Zidane sets trends

Zinedine Zidane

With a Champions League, a UEFA Super Cup, and an impressive unbeaten run to his name, it still took a statement win in the Madrid derby for Zinedine Zidane to finally prove himself as an elite coach.

Like his fashion sense, his managerial style is understated. Everything fits together but he lets the pieces do the talking. His approach and persona may seem cool at times, perhaps distant, but it is far more confident and put together than people give him credit for.

Even with just one defeat in 32 LaLiga matches, the accepted opinion is that his Real Madrid side are, as a team at least, playing below their capabilities, stringing together results while waiting for a collective improvement in play to arrive.

And here lies the biggest difference between Zidane and his contemporaries.

For Zidane, the easiest way to improve a team is to bring out the best in his players, not create an intricate tactical system that'll look to dominate an encounter. This is rooted in a central truth that Zidane has internalised since his days as a galactico: in the history of football, the team with the most talented players often wins. It is about the individual.

Meanwhile, the Pep Guardiola revolution has supporters talking formations, repeated patterns of play, group pressing, or novel ways of playing out from the back. But in his early career as coach thus far, the man who has most influenced Zinedine Zidane is Guardiola's opposite, Carlo Ancelotti.

It is not only that the two shared a touchline, but more importantly when they did, since it came right when Zidane was just starting out. When making the transition from superstar player to coach, the first thing Zizou picked up on was the Italian's man management, his greatest skill.

So in this sense, the French boss is not following the dominant trend in modern coaching, and frustrating many who expect a symphony not a collection of solos.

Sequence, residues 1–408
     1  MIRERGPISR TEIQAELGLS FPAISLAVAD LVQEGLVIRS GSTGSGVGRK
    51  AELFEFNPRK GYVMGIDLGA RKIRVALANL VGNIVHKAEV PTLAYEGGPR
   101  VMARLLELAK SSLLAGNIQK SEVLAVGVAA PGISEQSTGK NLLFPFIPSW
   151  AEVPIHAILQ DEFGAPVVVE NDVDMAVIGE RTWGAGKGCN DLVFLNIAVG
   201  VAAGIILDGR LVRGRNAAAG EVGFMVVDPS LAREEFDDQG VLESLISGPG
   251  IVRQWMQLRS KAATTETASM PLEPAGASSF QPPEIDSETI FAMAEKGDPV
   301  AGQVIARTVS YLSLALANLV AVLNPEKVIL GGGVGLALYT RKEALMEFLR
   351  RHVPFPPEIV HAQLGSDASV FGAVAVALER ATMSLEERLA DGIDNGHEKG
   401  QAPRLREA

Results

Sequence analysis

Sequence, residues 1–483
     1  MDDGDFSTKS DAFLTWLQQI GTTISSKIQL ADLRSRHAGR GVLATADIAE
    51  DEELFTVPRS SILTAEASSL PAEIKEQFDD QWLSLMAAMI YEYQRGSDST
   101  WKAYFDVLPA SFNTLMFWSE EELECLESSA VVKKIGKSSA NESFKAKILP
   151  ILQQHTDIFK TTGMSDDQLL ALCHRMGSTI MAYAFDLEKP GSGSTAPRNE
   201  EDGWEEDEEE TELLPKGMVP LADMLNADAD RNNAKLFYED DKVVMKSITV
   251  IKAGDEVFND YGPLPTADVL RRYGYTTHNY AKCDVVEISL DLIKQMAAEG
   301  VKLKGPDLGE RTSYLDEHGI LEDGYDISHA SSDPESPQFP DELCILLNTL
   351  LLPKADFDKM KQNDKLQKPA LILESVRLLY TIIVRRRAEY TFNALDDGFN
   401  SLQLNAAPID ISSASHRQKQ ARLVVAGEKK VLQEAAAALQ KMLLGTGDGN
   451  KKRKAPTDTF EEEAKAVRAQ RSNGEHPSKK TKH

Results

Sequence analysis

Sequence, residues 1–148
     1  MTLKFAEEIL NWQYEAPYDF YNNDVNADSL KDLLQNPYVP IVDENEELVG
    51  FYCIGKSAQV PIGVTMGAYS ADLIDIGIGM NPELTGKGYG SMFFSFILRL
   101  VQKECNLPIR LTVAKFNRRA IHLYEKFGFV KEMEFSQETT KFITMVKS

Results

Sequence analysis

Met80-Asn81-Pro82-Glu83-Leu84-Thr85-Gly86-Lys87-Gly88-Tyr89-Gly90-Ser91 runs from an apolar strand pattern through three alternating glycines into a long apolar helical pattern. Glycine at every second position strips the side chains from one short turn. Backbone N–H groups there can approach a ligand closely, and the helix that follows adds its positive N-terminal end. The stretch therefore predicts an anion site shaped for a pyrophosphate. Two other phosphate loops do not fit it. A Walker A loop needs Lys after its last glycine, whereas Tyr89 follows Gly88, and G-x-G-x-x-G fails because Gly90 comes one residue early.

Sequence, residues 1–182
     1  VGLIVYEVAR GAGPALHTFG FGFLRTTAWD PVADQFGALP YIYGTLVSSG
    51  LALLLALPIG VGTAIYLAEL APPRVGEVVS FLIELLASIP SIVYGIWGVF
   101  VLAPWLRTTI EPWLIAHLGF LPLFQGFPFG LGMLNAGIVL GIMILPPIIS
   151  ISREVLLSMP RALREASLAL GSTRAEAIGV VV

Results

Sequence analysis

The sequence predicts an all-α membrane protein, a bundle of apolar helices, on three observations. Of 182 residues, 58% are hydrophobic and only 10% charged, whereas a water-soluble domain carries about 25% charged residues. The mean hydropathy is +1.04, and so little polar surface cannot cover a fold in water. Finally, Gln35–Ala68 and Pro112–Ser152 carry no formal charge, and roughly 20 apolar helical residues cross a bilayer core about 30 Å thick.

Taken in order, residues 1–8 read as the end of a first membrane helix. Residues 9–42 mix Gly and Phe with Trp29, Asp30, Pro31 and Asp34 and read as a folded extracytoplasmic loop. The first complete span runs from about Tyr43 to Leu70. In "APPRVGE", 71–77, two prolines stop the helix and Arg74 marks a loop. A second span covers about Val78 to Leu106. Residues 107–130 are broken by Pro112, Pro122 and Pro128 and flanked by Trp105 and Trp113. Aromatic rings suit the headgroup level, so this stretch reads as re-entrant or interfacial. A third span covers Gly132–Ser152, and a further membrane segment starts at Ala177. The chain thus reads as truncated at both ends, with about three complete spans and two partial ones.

This, of course, is not to say that the Frenchman's tactical knowledge isn't well developed, which it most certainly is, but rather that it isn't a central part of his strategy or philosophy. Advantages are developed elsewhere. His systems are simple so that his players have the freedom needed to prove their superiority.

For instance, at the start of the 2016/17 season, Zidane has sometimes employed a 4-2-3-1 formation (derby included), a decision that was made to get the best out of Isco or James Rodriguez, not with another, more collective intent in mind. By improving the individual only then do you improve the team.

This is Zidane's secret. Even with minimal playing time, and with both players almost leaving the squad in the summer, each felt important. The coach changed the system for players that aren't even usual starters! They still have a role to play, and the change in formation made their contribution feel even more significant.

Zidane isn't aloof, but rather very personal. His one on one coaching is some of the best in the game, precisely because he can draw on his past as a player, and what he's learned from Ancelotti.

The Champions League was won because Real Madrid outlasted their opponents. The sense of history, and inevitability was palpable, which Zidane was able to channel astutely. Some detractors absurdly credited the trophy down to luck (as if that were why a team who has won the competition ten times did so again), whereas Zidane pointed to the badge. To Real, the Champions League feels like a divine right, not something earned through hard work or tactical innovation.

So, the inevitable comparisons with Pep Guardiola, so fervently pushed in the Spanish capital and so despised in Barcelona, are quite difficult to interpret either way. Zidane is not only at another stage of his coaching career, but both approach the game very differently.

Isco roaming freely against the once elite defensive system of Atleti, Cristiano Ronaldo hat-tricks (vs. Wolfsburg and his most recent over the weekend), or Lucas Vazquez nonchalantly spinning the ball on his finger before the Champions League final penalty shoot out... these are all instances of individual brilliance that serve as testaments to Zidane's success as coach.

Vazquez especially comes to mind, as he has taken his coach's trust to become a more established squad player than perhaps his ability alone would have allowed him.

The derby was likely the first overwhelming tactical masterclass, but the real work was forged starting in January.

Zidane's style is classic. It is under-emphasised. What he has set out to do isn't a new phenomenon, but it is different from the norm right now, which has meant that he has been criticised for things he hasn't really focused on.

His Real Madrid have seen a re-Galacticoization, where the talent precedes the system. With charm and wit, this process is one of seduction and it is being led by the greatest Galactico of them all.

It is time we credit the individual.

Δεν υπάρχουν σχόλια

Από το Blogger.